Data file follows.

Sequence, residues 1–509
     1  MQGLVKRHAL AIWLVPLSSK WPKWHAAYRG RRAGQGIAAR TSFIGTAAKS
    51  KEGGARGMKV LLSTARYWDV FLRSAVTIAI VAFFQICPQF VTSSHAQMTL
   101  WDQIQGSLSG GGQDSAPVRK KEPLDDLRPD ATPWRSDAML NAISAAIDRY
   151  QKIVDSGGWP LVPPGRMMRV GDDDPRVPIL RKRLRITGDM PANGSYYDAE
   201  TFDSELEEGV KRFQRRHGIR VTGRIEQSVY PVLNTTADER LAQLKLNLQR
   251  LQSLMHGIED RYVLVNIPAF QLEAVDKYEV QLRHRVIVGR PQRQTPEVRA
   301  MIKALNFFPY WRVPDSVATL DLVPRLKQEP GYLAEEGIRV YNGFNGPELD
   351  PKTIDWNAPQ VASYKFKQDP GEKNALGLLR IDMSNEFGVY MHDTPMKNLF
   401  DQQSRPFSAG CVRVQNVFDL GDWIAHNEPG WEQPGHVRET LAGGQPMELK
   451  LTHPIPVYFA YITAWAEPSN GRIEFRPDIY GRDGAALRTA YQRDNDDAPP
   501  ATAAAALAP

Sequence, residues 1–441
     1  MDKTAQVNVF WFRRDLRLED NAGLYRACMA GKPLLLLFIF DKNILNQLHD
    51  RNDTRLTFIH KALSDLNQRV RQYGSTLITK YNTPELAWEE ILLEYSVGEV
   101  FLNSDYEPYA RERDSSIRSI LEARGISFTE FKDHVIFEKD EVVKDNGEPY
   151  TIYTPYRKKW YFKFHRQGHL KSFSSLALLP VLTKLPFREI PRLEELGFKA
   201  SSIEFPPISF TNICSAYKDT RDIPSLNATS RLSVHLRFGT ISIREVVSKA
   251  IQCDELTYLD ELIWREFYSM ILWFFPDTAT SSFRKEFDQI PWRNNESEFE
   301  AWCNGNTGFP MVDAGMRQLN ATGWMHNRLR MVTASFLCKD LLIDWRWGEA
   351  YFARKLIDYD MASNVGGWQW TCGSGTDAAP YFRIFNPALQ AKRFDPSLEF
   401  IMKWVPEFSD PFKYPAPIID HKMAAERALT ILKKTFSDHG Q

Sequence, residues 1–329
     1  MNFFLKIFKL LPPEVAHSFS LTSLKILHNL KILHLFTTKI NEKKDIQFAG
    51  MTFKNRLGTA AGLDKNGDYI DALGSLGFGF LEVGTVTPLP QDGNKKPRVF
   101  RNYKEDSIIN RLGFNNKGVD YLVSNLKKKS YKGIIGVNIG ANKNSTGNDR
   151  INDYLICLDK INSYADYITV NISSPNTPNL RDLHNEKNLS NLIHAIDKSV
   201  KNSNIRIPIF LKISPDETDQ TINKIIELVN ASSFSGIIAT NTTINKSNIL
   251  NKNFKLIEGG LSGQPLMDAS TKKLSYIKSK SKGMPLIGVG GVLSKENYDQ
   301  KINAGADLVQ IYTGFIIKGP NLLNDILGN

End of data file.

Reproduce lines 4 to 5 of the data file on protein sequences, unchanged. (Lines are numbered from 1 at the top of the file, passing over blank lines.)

   101  WDQIQGSLSG GGQDSAPVRK KEPLDDLRPD ATPWRSDAML NAISAAIDRY
   151  QKIVDSGGWP LVPPGRMMRV GDDDPRVPIL RKRLRITGDM PANGSYYDAE